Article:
Introduction: Students frequently rely on part-time jobs to earn a living wage. We sought to evaluate the sociodemographic status of Swiss medical students and their perception regarding equal career opportunities in view of impaired part-time job opportunities under the COVID-19 pandemic. Methods: We conducted an anonymous online survey among Swiss medical students from Bern and Geneva over a period of 4 months between December 2020 and April 2021. We evaluated sociodemographic data, current living situation, part-time job occupation as well as other sources of income to fund living expenses, and, by means of a five-point Likert scale (1=strongly disagree and 5=strongly agree), whether COVID-19 was perceived as impeding equal career opportunities. Results: Of 968 participants, corresponding to around 13.8% of all medical students in Switzerland, 81.3% had part-time jobs. Amongst the employed, 54.8% worked to afford living expenses and 28.9% reported a negative financial impact due to reduced part-time jobs under the pandemic. The loss of part-time jobs was perceived to make medical studies a privilege for students with higher socioeconomic status (4.11±1.0), whose opportunity to study is independent of a regular income. A governmental backup plan was considered crucial to support affected students (4.22±0.91). Discussion: COVID-19 and its sequelae are perceived as a threat for Swiss medical students and lead to a disadvantage for those with lower socioeconomic status. Nationwide measures should be established to foster equal career opportunities.


Subject(s)
COVID-19 , Students, Medical , Humans , Cross-Sectional Studies , Switzerland/epidemiology , Pandemics , Career Choice , COVID-19/epidemiology , Occupations
13.
Front Public Health ; 11: 1081360, 2023.
Article in English | MEDLINE | ID: covidwho-2286052

ABSTRACT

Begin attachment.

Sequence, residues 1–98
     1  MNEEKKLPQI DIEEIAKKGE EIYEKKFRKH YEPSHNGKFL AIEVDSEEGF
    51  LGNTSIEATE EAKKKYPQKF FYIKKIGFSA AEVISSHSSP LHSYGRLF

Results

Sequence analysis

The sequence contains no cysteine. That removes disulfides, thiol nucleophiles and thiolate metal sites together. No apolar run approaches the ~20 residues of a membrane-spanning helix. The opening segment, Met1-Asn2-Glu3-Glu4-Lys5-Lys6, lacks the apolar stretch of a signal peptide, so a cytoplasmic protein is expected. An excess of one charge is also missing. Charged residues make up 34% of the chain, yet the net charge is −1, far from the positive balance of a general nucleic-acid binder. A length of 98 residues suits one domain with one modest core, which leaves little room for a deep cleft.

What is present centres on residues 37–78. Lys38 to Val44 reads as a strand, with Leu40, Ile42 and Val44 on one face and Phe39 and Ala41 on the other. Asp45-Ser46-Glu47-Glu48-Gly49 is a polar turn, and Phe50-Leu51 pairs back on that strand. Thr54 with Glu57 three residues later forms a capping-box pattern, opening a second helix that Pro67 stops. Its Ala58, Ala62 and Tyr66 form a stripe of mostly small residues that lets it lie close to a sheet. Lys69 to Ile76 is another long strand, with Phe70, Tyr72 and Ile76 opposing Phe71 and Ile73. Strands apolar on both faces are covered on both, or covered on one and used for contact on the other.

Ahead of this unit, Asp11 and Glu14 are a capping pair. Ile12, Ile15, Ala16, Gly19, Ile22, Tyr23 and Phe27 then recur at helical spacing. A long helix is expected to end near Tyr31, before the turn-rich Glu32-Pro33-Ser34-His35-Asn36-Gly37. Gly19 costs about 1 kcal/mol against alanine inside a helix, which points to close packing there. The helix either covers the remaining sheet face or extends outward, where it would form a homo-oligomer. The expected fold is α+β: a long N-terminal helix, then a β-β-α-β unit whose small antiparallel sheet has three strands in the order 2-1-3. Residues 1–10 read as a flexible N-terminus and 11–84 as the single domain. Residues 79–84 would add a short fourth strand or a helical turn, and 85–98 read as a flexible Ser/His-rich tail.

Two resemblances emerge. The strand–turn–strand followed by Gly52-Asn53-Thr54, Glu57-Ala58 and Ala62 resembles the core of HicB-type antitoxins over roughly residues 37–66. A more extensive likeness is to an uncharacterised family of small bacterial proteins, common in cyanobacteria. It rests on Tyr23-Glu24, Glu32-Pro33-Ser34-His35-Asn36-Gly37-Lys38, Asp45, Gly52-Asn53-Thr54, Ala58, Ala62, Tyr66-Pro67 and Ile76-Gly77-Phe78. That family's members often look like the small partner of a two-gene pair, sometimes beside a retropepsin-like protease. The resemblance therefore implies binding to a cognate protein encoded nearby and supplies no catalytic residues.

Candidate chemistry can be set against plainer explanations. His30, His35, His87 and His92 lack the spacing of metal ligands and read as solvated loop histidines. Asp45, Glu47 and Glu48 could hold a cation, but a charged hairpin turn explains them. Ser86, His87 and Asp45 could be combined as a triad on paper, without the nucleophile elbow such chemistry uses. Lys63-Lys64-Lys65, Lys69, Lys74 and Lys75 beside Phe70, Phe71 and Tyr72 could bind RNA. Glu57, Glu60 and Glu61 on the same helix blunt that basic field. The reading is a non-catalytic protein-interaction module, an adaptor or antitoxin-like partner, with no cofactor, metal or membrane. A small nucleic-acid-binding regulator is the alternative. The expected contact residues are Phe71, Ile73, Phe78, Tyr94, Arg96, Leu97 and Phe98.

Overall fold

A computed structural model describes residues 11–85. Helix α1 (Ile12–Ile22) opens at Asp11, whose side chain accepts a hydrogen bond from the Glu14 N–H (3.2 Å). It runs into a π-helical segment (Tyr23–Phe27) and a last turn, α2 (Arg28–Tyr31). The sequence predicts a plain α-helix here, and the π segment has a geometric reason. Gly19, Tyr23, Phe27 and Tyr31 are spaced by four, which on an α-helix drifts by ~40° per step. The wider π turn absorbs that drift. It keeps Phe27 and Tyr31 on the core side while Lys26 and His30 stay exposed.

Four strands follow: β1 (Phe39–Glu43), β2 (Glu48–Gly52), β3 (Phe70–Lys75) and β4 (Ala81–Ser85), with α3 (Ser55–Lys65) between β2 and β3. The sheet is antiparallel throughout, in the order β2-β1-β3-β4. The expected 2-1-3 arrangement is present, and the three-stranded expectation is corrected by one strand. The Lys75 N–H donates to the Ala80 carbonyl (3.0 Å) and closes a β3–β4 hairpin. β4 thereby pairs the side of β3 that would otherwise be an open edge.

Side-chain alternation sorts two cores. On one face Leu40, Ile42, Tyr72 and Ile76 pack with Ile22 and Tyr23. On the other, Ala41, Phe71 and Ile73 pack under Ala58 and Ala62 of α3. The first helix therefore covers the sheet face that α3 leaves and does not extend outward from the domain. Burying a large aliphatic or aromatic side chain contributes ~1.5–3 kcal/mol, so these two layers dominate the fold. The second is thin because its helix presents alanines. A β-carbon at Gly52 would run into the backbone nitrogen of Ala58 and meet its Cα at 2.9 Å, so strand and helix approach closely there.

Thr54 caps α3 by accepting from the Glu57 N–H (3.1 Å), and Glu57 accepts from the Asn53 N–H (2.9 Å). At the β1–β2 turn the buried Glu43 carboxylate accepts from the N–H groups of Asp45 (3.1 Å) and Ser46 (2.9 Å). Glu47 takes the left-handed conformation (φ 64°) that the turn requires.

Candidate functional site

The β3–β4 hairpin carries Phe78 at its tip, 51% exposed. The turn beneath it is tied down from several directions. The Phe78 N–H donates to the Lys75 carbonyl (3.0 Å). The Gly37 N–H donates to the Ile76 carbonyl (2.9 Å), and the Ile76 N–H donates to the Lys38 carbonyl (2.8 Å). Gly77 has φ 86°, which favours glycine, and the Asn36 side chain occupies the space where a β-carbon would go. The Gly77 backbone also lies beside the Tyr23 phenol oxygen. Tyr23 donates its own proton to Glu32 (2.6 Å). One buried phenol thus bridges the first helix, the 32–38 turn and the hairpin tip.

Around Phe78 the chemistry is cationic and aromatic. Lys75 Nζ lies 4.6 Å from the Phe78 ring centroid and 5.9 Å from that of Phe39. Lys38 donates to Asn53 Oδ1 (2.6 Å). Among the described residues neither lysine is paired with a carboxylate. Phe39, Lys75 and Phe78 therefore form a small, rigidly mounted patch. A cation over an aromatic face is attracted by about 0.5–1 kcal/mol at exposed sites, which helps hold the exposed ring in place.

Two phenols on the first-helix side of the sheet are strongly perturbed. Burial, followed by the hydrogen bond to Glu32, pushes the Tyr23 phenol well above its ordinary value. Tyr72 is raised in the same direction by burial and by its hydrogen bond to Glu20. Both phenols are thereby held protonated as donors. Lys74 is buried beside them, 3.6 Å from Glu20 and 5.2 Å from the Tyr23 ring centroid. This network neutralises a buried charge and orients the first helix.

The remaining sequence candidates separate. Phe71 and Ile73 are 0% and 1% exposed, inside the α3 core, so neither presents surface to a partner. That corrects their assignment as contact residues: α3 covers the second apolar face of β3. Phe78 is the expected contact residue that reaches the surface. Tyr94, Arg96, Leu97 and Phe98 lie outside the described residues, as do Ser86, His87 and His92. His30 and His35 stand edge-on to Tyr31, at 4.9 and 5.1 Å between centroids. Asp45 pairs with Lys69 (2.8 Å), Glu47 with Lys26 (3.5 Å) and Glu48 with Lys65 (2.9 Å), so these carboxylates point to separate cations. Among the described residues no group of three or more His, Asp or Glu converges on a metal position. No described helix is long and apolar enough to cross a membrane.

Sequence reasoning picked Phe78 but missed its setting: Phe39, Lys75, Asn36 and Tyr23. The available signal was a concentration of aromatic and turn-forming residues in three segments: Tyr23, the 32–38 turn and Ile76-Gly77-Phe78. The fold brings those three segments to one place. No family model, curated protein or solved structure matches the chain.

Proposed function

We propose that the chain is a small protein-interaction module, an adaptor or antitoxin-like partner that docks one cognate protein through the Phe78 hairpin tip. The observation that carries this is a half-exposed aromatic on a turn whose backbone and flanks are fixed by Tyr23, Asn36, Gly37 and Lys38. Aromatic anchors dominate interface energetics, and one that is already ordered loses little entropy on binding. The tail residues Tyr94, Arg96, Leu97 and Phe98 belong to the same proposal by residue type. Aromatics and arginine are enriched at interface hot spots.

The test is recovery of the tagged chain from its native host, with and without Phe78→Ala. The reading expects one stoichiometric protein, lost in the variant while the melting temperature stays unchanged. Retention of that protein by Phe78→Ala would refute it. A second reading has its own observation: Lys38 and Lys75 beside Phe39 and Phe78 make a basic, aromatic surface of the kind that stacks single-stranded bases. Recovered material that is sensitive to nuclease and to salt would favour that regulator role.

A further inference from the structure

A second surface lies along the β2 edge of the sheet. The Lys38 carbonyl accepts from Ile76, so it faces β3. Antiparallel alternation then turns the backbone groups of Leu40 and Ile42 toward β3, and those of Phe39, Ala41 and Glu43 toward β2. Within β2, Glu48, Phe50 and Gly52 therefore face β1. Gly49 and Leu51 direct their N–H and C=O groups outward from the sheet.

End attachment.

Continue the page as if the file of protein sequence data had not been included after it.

Introduction: To unearth superior countermeasures that improve psychological health and upgrade the quality of employment for medical students in China in post-epidemic era, this study was designed to determine the possible factors affecting psychological status and future career choice of this population. Methods: A cross-sectional observational study was carried out. Depression Anxiety Stress Scale-21 (DASS-21) and Insomnia Severity Index (ISI) were applied to measure psychological state. Chi-square and logistic regression analyses were adopted to filtrate related factors for psychological health and employment intention. Results: A total of 936 medical students, including 522 from eastern universities and 414 from western universities, were enrolled in the study. Anxiety among students in China's western universities was higher than that in China's eastern universities (30.4% vs. 22.0%), but no differences in the occurrences of stress (11.4% vs. 13.4%), depression (28.7% vs. 24.5%) and insomnia (30.7% vs. 25.7%). Grades, academic ranking, household income, attitudes about COVID-19 were associated with the occurrence of psychological problems. In addition, major, education level, academic ranking, family income, and clinical experience may affect the choice of future employment location and employment income. Notably, household income affected by COVID-19 and the perception of epidemic prevention and control resulted in changes in future employment region and income. COVID-19 can lead medical students with psychological problems to have a negative attitude toward future employment. Encouragingly, multiple activities, namely, proactive consideration of employment, taking part in career planning training lectures and timely adjustment of career planning, were beneficial to the professional identity of medical students. Conclusion: This study suggests that medical student psychology is influenced by COVID-19 and academic and financial pressures; actively coping with COVID-19 and making career planning in advance will contribute to optimizing future employment. Our findings provide a potent guideline for relevant departments to accurately adjust job deployment and for medical students to actively choose a career in the future.